Several factors have contributed to this trend: new business opportunities, increased competition, a predominantly business-friendly and fairly predictable policy environment up to 2007, and a reduction in the cost of capital in response to lower inflation and the consolidation of the government’s financial position. Measures to promote the transformation of the economy, for example black economic empowerment, affirmative action and stricter labour legislation, have been accepted as imperative for stability and offset in business models, in spite of the fact that they have increased the cost of doing business.
A third distinct phenomenon over the past 20 years has been the shift in the relative importance of various economic sectors and the underlying reasons for this. It shows, for example, the difference new industries can make, with the cellphone industry contributing to an increase in the transport and communication sector’s contribution to GDP from 6,7% in 1993 to 10,1% in 2012.
It also shows the importance of competitiveness: The financial, property and business services sector, which has time and again been rated highly in global competitiveness comparisons, increased its share from 17,2% in 1993 to 24% in 2012. This is also the sector that has possibly benefited most from technological development and has been least disrupted by labour unrest. The negative side of the financial sector’s good performance is that it is partly based on a sharp rise in debt levels, especially as far as households are concerned, which is not repeatable.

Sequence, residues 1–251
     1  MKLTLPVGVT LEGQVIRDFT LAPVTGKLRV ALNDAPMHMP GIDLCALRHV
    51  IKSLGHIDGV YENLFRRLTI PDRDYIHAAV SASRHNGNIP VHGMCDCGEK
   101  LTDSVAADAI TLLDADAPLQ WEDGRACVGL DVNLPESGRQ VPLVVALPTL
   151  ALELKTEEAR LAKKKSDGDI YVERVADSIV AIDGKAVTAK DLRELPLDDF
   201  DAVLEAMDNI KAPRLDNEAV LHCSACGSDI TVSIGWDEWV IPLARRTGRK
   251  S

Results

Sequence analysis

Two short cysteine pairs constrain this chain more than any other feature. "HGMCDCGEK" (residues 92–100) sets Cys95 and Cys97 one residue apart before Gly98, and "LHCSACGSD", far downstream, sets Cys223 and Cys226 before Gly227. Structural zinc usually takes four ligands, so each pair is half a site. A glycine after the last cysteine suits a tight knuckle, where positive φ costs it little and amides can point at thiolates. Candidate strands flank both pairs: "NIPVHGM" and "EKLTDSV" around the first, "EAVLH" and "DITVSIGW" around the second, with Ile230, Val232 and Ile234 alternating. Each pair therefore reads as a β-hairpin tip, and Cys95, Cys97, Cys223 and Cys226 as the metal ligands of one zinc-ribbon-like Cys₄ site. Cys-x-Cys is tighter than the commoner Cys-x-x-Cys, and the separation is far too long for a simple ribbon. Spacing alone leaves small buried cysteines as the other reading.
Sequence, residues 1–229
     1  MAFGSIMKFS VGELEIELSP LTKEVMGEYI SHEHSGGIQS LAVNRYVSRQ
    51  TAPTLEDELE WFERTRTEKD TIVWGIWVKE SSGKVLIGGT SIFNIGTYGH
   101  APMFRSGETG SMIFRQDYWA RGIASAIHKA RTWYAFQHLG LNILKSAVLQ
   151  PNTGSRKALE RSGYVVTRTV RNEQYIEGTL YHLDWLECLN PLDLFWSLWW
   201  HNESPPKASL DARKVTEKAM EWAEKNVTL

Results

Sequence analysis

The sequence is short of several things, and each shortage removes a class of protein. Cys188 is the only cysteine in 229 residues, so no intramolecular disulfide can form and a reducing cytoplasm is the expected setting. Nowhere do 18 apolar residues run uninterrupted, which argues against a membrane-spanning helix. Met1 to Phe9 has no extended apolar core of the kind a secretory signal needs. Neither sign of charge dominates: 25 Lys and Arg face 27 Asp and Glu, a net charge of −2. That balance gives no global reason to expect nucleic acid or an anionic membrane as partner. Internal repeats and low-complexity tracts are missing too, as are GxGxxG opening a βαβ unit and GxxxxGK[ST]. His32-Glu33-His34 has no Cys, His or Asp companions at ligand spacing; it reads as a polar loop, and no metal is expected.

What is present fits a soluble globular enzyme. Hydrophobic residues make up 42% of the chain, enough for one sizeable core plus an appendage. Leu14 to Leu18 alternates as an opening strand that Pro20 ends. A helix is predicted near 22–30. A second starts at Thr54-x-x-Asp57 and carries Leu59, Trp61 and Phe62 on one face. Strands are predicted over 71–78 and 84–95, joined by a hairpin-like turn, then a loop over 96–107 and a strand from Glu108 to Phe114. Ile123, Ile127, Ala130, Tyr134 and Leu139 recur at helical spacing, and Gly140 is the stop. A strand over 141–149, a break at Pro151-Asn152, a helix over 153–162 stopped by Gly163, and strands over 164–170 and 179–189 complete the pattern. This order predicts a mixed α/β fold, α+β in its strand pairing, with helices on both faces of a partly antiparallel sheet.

These trends also emphasise the finiteness of natural resources, with the mining sector’s contribution to GDP declining from 11% to 5,5%. The contribution of the manufacturing sector, which along with mining was hardest hit by labour instability and infrastructure bottlenecks, has also decreased: in 1993 it was 19% compared with 17,2% in 2012. If the stabilising influence of food and liquor production is ruled out, the picture is much worse.
The above graph shows how the South African economy lost momentum over the past five years. This trend is certainly worrying, especially if one considers that the decade-long continued improvement in South Africa’s terms of trade has come to an end and is moving in the opposite direction. It is therefore not surprising that the government, judging by its pronouncements, is becoming concerned about the low growth and employment figures.
The risk is that it could resort to counterproductive action in an attempt to improve the growth rate, for example extending the role of government enterprises or interfering in die allocation of capital. To my mind the expectation that a social pact between the government, business sector and unions is the answer, is overoptimistic as it is based on a poor understanding of the drivers of private investment.
Although sound relations between the parties concerned will naturally have a positive effect on the business climate, this is not how businesses decide whether or not to expand their operations. Economic growth is not achieved by agreement, but by creating favourable conditions for it to occur. This is clearly illustrated by the lack of success of the Growth and Development Conference held in 2002.
The acceptance of the profit motive as the most powerful incentive for private economic activity holds the key. It will be much better for the state to align its developmental objectives with the private sector’s natural pursuit of higher profits than to expect businesses to put the profit motive aside for the sake of social objectives.